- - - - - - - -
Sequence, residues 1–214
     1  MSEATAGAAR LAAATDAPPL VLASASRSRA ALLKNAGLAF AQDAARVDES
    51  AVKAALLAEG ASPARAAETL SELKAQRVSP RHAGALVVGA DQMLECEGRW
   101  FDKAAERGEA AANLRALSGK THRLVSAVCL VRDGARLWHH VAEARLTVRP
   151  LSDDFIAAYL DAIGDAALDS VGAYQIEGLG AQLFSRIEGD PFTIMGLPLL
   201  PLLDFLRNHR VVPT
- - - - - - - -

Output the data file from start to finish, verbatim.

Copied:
Sequence, residues 1–214
     1  MSEATAGAAR LAAATDAPPL VLASASRSRA ALLKNAGLAF AQDAARVDES
    51  AVKAALLAEG ASPARAAETL SELKAQRVSP RHAGALVVGA DQMLECEGRW
   101  FDKAAERGEA AANLRALSGK THRLVSAVCL VRDGARLWHH VAEARLTVRP
   151  LSDDFIAAYL DAIGDAALDS VGAYQIEGLG AQLFSRIEGD PFTIMGLPLL
   201  PLLDFLRNHR VVPT